Chicken Breast

Arroz Con Pollo Panameño

September 13, 2021
0 Stars
Photo by Julia Gartland Prop Stylist: Suzie Myers Food Stylist: Yossy Arefi
  • Prep time 20 minutes
  • Cook time 1 hour 15 minutes
  • Serves 6 to 8
Author Notes

Though I was raised by a working single mother, we ate plenty of home-cooked meals. I first had Panamanian-style arroz con pollo when we lived in Hawaii and Japan, where bottles of olives and spices were shipped to us from the other side of the world. Despite being born in Panama, my family hails from Cuba; my grandmother was a dancer from Havana. Arroz con pollo is a one-pot dish found throughout all of Latin America, varying from country to country. Some countries, like Colombia, add bell peppers. Others add corn or celery. Chicken is slowly cooked in a paila (a large shallow metal pan used throughout Central and South America) with vegetables, tomato sauce and paste, Latin American spices like sazón, and long-grain white rice. The Panamanian version is bedecked with Manzanilla olives and garnished with fancy jarred peppers. Saffron is added for color, as well as a whole bottle of dark beer for a hint of earthy, malty, robust, aromatic flavor.

My mother would doctor up her arroz con pollo using local ingredients, like the Japanese version of Del Monte tomato products, or short-grain Japanese rice instead of the longer grain typically used in the recipe. She carried Panamanian, Cuban, and Latin American recipes with her across the world, using the ingredients available to re-create them as closely as possible to how they were made in Central America. And one of her greatest hits is certainly her Panamanian-style arroz con pollo, flecked with peas and generous spoonfuls of green olives. It's a dish she made delicious through sheer effort, tenacity, and persistence, despite the limitations of geography, time, and money—the same mindset she used to raise her daughters.
Marisel Salazar

Ingredients
  • 2 dried bay leaves
  • 4 bone-in, skin-on chicken breasts (about 2½ pounds)
  • 3 cups long-grain rice
  • 3 tablespoons canola oil
  • 1 large yellow onion, peeled and chopped
  • 5 garlic cloves, peeled and minced
  • 1/4 cup fresh parsley leaves, chopped
  • 1 tablespoon sazón
  • 1 dash adobo powder
  • 1 dash Worcestershire sauce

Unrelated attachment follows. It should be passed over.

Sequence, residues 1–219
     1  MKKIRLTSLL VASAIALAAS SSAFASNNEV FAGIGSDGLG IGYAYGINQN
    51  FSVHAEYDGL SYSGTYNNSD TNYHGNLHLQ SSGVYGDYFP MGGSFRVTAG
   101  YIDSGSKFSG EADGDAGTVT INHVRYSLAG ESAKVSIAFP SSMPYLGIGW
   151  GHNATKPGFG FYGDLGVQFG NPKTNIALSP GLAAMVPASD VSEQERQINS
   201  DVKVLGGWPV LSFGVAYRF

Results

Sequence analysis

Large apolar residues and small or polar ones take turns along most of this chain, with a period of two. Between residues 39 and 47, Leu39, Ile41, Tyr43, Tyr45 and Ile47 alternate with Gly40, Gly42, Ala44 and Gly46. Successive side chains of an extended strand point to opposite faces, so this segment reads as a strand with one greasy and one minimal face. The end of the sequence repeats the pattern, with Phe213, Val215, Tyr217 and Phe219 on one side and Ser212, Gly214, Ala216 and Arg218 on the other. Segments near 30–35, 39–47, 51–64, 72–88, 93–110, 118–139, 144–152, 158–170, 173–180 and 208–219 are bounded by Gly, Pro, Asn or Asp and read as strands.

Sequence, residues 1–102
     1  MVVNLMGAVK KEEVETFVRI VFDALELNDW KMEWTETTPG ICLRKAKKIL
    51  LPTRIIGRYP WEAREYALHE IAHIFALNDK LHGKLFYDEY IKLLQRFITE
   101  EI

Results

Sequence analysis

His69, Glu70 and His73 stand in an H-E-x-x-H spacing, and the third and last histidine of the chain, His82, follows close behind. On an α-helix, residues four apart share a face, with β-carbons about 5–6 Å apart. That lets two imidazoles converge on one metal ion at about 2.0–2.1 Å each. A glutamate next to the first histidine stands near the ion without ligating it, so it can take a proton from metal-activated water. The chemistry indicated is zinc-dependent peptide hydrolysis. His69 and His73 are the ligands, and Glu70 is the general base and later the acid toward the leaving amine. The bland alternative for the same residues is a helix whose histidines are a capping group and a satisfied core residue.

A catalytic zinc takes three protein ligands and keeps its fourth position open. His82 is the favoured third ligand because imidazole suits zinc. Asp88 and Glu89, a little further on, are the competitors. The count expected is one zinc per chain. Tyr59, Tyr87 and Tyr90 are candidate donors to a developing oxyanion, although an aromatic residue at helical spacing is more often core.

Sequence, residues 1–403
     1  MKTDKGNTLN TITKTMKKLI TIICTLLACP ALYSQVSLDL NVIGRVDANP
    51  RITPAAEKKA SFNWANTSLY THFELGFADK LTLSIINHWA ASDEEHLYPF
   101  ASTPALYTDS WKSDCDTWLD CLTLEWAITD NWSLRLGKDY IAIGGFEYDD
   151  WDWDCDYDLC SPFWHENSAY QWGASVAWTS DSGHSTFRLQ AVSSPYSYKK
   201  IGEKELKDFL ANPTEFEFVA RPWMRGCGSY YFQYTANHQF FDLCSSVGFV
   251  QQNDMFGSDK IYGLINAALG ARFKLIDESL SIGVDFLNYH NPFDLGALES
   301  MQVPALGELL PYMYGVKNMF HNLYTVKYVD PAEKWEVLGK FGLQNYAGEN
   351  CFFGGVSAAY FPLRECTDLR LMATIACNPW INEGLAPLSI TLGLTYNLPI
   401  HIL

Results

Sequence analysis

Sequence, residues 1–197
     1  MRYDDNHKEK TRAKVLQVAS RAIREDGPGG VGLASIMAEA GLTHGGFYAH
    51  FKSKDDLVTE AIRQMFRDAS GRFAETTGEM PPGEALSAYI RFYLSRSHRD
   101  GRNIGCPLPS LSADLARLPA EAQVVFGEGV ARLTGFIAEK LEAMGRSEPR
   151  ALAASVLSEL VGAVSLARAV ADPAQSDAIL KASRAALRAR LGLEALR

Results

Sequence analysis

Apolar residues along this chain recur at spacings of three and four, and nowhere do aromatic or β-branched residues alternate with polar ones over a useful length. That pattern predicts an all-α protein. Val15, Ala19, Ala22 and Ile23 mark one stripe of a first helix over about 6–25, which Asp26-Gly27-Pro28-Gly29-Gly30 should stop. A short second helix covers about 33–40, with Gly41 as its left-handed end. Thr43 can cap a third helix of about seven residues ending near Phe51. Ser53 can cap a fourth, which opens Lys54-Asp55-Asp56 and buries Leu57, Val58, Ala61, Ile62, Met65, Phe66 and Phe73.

• Pinch saffron (3 threads)
  • 1 (6-ounce) can tomato paste
  • 1 teaspoon kosher salt
  • 1 (15-ounce) can tomato sauce
  • 1 cup Manzanilla olives with pimiento
  • 1/2 cup nonpareil capers in brine, drained
  • 1 (8.5-ounce) can peas and carrots, drained
  • 1 (12-ounce) can dark beer, such as stout, dark lager, English porter, Modelo Negra, or Munich dunkel
  • Jarred pimientos morrones, for serving
In This Recipe
Directions
  1. Bring a large pot of water with the bay leaves to a boil; add the chicken breasts. Reduce the heat to a simmer and cook uncovered for about 20 to 25 minutes, or until the chicken is completely cooked through (reaches 165°F on a thermometer).
  2. Remove the chicken from the water and set aside in a separate bowl, reserving the poaching liquid in a separate bowl. (Remove and discard the bay leaves from the liquid.) Once the chicken is cool enough to handle, shred the meat using a fork and knife or your hands and discard the bones.
  3. Rinse the rice in a fine sieve until the water runs clear, then shake off the excess water. Warm the canola oil in a large paila, nonstick pot, or Dutch oven (avoid stainless steel, as the rice tends to stick and burn) over medium heat. Add the rice to the paila and stir with a large stainless-steel spoon (or a wooden spoon, if using a nonstick pot or Dutch oven) frequently until it turns pale yellow, about 5 to 8 minutes.
  4. Add the onion, garlic, parsley, sazón, adobo powder, Worcestershire sauce, and saffron. Stir to combine, folding the seasonings into the rice. Stir in the shredded chicken and tomato paste. Cook for about 10 to 15 minutes, uncovered, over medium to low heat, stirring occasionally so that the rice does not burn or stick, scraping as you go, until the tomato paste has begun to stick to the pot.
  5. Add enough of the reserved poaching liquid to cover the rice (2 to 3 cups), then stir in the salt, tomato sauce, olives, capers, and canned peas and carrots. Save any excess poaching liquid until you’re finished with the recipe, then discard. Should you run out of liquid, use premade chicken stock or water.
  6. Cook, uncovered, stirring occasionally, for about 20 minutes over medium heat, or until the liquid has evaporated (it can vary based on your cooking vessel). Stir in 9 ounces of the beer. (If the pan seems very dry, add the remaining beer. If not, drink the rest!) Tightly cover the paila with a large piece of aluminum foil and then cover with a lid. Simmer over low heat for about 10 minutes, until the liquid is absorbed and the rice grains are split open. At this stage you may find that some of the rice grains are still not opened—if that’s the case, add a little bit more of the poaching liquid, mix, and cover again for about 10 minutes. The rice should be soft but not too sticky.
  7. Garnish with pimientos morrones. Serve warm. Store leftovers in an airtight container for 3 to 5 days in the refrigerator or vacuum seal and freeze in individual portions.

See what other Food52ers are saying.

0 Reviews